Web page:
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Practical .NET2 and C#2: An introduction to MSBuild

, 7 Feb 2006
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An introduction to the MSBuild technology.

Author(s)Patrick Smacchia
Title Practical .NET2 and C#2
PublisherParadoxal Press
PublishedJan, 2006
ISBN 0-9766132-2-0
PriceUS$ 33.99



The .NET 2 platform is delivered with a new tool named msbuild.exe. This tool is used to build .NET applications. It accepts XML files which describe the sequence of tasks for the build process, in the same spirit as makefile files. Actually, in the beginning of this project, Microsoft had code named the tool XMake. The msbuild.exe executable is located in the .NET installation folder [Windows install folder]\Microsoft.NET\Framework\v2.0.50727\. It is planned that MSBuild will be part of the Windows Vista operating system. Its range of action will then be increased and may be used to construct all type of applications.

Until now, to construct your .NET applications, you needed to:

  • rither use the Build command in Visual Studio,
  • or use the Visual Studio devenv.exe executable as a command line,
  • or use a third party tool such as the open source tool named NAnt, or even use batch files which called the csc.exe C# compiler.

MSBuild aims to unify all these techniques. Those who know NAnt will not be in unknown territory as MSBuild borrows many concepts from this tool. The main advantage of MSBuild over NAnt is that it is used by Visual Studio 2005. MSBuild has no dependency on Visual Studio 2005 as it is an integral part of the .NET 2 platform. However, the .proj, .csproj, .vbproj etc. generated by Visual Studio 2005 to build projects are authored in the MSBuild XML format. During compilation, Visual Studio 2005 uses the services of MSBuild. In addition, the XML format used by MSBuild is fully supported and documented. The support of MSBuild is a significant progress for Visual Studio since until now, it used undocumented build scripts.

Building a multi modules assembly without MSBuild

Here, we will create an assembly with:

  • A main module <ci>Foo1.exe.
  • A module Foo2.netmodule.
  • A resource file Image.jpg.

Place in the same folder both the C# source files (Foo1.cs and Foo2.cs) as well as an image file named Image.jpg.


namespace Foo {
   public class Bar {
      public override string ToString() {
         return "Hi from Foo2";


using System;
using System.Reflection;
[assembly: AssemblyCompany("ParadoxalPress")]
namespace Foo {
   class Program {
      public static void Main(string[] argv) {
         Console.WriteLine("Hi from Foo1");
         Bar b = new Bar();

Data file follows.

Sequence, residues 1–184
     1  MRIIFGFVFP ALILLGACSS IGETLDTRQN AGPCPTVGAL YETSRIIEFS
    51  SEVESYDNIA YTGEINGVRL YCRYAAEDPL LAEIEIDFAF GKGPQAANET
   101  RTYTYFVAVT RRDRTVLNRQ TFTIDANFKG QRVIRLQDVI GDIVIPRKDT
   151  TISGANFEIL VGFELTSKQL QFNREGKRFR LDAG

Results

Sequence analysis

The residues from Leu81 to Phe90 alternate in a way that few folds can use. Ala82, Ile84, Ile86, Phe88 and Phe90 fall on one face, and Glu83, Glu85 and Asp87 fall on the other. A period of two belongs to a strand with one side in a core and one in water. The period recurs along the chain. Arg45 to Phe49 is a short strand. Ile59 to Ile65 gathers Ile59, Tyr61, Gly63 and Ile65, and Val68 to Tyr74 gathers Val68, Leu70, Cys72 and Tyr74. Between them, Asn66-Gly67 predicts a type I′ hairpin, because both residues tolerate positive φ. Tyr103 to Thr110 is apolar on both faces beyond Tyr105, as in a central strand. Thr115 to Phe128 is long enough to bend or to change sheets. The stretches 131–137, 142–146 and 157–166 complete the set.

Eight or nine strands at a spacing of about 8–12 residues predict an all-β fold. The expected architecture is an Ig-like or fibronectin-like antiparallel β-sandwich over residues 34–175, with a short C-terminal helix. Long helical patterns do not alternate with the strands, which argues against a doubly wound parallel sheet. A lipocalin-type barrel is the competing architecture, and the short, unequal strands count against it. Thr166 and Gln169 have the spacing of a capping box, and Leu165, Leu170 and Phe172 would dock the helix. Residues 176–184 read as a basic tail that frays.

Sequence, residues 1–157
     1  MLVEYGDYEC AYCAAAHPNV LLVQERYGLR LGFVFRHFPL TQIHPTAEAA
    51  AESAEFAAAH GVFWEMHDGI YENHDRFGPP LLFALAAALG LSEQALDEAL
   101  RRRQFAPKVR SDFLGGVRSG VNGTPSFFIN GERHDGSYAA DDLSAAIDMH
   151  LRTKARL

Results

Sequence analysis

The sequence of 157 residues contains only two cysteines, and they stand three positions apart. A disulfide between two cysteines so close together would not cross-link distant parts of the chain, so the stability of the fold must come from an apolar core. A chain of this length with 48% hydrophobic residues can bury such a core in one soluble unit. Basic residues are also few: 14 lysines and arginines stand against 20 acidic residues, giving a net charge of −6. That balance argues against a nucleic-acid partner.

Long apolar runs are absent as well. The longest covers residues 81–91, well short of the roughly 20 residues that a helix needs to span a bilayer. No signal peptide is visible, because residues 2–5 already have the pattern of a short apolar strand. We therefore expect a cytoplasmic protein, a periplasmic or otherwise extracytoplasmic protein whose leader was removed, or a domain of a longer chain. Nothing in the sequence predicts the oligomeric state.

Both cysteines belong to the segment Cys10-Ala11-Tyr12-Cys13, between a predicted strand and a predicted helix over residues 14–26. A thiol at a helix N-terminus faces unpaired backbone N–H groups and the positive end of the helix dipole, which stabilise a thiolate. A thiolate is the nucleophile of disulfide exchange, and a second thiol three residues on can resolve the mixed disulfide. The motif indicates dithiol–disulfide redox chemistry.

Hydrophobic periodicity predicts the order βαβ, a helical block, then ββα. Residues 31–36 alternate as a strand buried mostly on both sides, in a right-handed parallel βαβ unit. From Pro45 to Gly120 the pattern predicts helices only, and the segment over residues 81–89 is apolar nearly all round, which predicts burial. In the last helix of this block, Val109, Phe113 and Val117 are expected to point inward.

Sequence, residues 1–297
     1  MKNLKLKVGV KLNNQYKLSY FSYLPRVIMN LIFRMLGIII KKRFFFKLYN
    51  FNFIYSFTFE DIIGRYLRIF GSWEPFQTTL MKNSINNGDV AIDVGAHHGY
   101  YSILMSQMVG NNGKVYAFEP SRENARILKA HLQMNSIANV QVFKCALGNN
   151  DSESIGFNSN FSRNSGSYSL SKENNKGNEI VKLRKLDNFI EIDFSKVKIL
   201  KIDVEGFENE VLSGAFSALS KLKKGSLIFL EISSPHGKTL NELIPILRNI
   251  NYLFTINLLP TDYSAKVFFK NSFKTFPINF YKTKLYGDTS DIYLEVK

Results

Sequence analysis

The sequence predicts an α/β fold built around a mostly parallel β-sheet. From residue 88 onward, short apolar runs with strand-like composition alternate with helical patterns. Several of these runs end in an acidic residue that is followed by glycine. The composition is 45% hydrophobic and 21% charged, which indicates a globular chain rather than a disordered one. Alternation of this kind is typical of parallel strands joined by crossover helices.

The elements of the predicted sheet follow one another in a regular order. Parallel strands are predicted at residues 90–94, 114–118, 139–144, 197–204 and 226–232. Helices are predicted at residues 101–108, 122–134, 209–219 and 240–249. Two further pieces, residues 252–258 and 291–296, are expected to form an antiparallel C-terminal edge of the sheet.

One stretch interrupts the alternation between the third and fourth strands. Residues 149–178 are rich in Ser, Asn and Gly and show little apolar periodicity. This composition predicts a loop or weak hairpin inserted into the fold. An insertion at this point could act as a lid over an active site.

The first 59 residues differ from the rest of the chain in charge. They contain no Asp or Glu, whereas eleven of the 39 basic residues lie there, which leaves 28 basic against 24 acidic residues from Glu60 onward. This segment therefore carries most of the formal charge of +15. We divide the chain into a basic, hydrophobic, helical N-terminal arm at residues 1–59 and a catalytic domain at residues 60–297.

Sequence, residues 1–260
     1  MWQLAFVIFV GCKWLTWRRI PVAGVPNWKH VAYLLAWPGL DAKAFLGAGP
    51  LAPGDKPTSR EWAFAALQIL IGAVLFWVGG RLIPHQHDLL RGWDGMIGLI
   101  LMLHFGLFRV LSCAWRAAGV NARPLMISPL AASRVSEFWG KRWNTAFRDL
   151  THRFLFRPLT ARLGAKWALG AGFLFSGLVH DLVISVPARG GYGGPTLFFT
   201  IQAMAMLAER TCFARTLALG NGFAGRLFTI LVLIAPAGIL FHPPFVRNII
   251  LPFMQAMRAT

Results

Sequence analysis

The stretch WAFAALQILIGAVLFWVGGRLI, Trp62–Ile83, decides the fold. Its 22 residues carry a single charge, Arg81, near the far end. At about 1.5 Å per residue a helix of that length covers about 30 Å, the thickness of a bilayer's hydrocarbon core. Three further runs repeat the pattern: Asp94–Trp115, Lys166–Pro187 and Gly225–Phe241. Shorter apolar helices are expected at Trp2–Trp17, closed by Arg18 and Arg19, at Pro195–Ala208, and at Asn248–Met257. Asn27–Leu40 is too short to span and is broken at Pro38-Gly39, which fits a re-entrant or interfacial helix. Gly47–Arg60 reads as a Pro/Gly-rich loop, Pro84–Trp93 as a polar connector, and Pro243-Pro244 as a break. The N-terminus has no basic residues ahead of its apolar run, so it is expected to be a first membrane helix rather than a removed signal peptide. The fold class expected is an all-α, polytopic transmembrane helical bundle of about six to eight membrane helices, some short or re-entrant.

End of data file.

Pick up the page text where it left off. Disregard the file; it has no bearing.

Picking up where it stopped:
Console.WriteLine( b );

Since we wish to construct an assembly with more than one module, we have no choice other than to use the csc.exe command line compiler as the Visual Studio environment cannot handle multi-module assemblies.

Create the files Foo2.netmodule and Foo1.exe by typing, in order, the following command (the csc.exe compiler can be found in the folder <WINDOWS-INSTALL-FOLDER>\Microsoft.NET\Framework\v2.0.50727):

> csc.exe /target:module Foo2.cs 
> csc.exe /Addmodule:Foo2.netmodule /LinkResource:Image.jpg  Foo1.cs

Launch the Foo1.exe executable and the program displays the following on the console:

Hi from Foo1
Hi from Foo2

.proj files, targets and tasks

The root element of the MSBuild XML documents is <Project>. This element contains <Target> elements. These <Target> elements are the build units named targets. An MSBuild project can contain multiple targets and msbuild.exe is capable of chaining the execution of multiple targets. When you launch msbuild.exe through the command line, it takes as input a single .proj from the current folder. If multiple .proj files are present, you must specify to msbuild.exe which one to use. A single file must be specified.

An MSBuild target is a set of MSBuild tasks. Each child element to <Target> constitutes the definition of a task. The tasks of a target are executed in the order of their declaration. About forty types of tasks are provided by MSBuild, for example:

<TD vAlign=top width=83 bgColor=#d9d9d9>

Task type

<TD vAlign=top width=359 bgColor=#d9d9d9>



Copies a file from a source folder to a destination folder.


Creates a folder.


Calls the csc.exe C# compiler.


Executes a system command.


Calls the al.exe tool (Assembly Linker).


Calls the resgen.exe tool (Resources Generator).

The complete list of possible tasks is available in the article named MSBuild Task Reference, on MSDN. An interesting aspect of MSBuild is that each type of task is materialized by a .NET class. It is then possible to extend MSBuild with new types of tasks by supplying your own classes. We will discuss this a little later.

Let us revisit our multi-module assembly example introduced in the previous section. Let me remind you that to build this assembly constructed from three modules Foo1.exe, Foo2.netmodule, and Image.jpg, we had to execute the following two commands:

>csc.exe /target:module Foo2.cs 
>csc.exe /Addmodule:Foo2.netmodule /LinkResource:Image.jpg  Foo1.cs

In addition, we wanted that at the end of the construction of the assembly, the three modules be located in the \bin sub-folder from the current folder. Here is the MSBuild project Example1.proj which accomplishes the same work:


<Project xmlns="">
   <Target Name="FooCompilation">
      <MakeDir Directories= "bin"/>
      <Copy SourceFiles="Image.jpg" DestinationFiles=".\bin\Image.jpg"/>